You might say Klub Bub manager Lauren Schemehorn is a bit bubbly about this year’s Independence Day parade entry. Klub Bub, after two years placing third, placed first for having the float that best fit the overall parade theme.
“History in Progress” celebrated the 175th Anniversary of the Milton House, Milton Academy, and Blacksmith Shop. Second place for theme went to Rockie’s Hometown Pizza and Subs and third place went to Milton House. Overall, first place went to Rockie’s, which earned first place for theme in 2018 and second in 2017.
Parade organizer Derek Henze estimates this year’s parade had about 100 entries.
He as well as City of Milton Police Chief Scott Marquardt, who drove a squad car in the parade, said they thought the crowd was larger than past years.
The parade began heading down Madison Avenue at 1 p.m. and continued as the rain came down at about 2:15 p.m.
“The last units were already on the parade route (near Kwik Trip) before it started raining,” Henze said.
Members of SWEPT, a nonprofit organization that provides support services to police, fire, EMS, emergency management and other agencies in Rock County, and Milton Masonic Lodge 161 volunteered to help with the parade. Evonik sponsored the event.
Float judges included Mayor Anissa Welch, Evonik and Leeann Harris.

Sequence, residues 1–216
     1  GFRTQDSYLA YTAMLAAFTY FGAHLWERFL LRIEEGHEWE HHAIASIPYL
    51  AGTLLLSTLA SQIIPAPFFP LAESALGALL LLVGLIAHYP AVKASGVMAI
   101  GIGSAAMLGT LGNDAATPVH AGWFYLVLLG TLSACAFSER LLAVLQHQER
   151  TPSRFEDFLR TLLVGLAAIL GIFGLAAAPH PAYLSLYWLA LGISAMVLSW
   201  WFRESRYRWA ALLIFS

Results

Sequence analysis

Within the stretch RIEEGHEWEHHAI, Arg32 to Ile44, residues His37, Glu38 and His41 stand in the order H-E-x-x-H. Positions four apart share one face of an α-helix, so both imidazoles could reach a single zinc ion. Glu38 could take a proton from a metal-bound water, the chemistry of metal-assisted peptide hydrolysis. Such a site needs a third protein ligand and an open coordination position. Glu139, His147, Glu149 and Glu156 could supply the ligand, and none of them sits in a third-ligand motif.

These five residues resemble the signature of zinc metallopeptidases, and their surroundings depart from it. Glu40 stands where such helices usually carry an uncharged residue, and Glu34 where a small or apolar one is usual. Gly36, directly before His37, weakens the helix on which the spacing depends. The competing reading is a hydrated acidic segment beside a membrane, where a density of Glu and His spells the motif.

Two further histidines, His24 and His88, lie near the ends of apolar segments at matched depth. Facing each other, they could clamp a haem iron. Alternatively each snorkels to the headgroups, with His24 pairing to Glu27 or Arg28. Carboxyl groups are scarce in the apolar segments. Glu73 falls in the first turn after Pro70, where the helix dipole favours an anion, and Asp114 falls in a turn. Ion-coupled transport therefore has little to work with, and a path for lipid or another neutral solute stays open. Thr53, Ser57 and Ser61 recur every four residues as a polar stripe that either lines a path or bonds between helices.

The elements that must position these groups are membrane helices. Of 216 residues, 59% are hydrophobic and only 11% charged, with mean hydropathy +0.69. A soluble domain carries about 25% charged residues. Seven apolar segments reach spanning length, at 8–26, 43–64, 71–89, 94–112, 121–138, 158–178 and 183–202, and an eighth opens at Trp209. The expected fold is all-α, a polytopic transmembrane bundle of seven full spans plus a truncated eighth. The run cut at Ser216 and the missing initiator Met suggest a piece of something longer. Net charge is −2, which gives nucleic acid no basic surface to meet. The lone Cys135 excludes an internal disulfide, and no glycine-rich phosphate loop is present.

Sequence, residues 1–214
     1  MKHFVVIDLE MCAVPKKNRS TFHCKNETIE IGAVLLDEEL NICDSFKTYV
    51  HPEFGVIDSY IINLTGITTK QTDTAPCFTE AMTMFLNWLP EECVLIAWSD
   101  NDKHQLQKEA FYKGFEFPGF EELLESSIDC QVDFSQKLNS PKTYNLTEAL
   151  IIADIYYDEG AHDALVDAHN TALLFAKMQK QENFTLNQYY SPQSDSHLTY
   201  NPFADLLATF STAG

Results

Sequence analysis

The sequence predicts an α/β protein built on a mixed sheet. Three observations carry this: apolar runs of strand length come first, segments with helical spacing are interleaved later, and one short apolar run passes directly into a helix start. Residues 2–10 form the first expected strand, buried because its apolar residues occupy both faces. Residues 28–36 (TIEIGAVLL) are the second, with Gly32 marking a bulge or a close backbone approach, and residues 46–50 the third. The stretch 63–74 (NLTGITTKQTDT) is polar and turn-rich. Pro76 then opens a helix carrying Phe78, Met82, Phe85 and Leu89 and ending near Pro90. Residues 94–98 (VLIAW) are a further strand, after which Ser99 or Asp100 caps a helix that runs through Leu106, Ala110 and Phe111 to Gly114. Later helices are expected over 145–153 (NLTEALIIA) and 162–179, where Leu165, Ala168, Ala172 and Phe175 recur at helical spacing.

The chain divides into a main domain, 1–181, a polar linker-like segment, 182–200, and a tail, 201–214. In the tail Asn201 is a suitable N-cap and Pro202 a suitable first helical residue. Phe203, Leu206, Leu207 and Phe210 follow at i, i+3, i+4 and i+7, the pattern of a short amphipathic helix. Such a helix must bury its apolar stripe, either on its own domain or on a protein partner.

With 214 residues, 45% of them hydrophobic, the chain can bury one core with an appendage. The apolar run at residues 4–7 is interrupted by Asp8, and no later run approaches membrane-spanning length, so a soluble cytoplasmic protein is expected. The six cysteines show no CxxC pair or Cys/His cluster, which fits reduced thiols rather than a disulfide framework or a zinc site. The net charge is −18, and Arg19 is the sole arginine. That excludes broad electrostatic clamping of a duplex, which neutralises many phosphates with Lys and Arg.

More than winning
Schemehorn, who was working on parade floats even before working at Klub Bub, said she declared last year Klub Bub would place first.
That’s how it started.
“As it progressed,” she said, “it became so much more than that.”
It became about more than winning, she said, and about more than Klub Bub, 46 Merchant Row, owned by Chas Talley.
When Schemehorn was talking about this year’s float, Elmer Ahrens, a patron, said he had flags that could be used on the float.
“Maybe you should salute the troops.” That’s how the conversation started and how it continued. Schemehorn asked for photos and patrons responded. Altogether there were more than 60 photos with names and dates of service. Most had connections to Milton.
The night before the parade, when Schemehorn was finishing up the photo boards, patrons came to see what she was working on. They saw their grandfather, their uncle and others.
“Everybody that was here kind of made a connection to it,” said Schemehorn, who said she enjoyed hearing the stories of those who wanted to be included as well as those who did not and why. “Their reasons hit my heart, too,” she said. “We all kind of learned a lot. And I’m really, really glad that we did that.”
Through the float and being in the parade, they honored generations of family members and community members. Children, too, rode and walked in the parade.
“We are a bar, but this is still a family business and Fourth of July is about being with your family,” Schemehorn said.
Both of her grandfathers’ photos were on the float and three of her six grandchildren along with other family members participated in the parade.
When asked if Klub Bub would participate next year, Schemehorn replied, “Oh ya, you betcha. It’s a lot of fun.”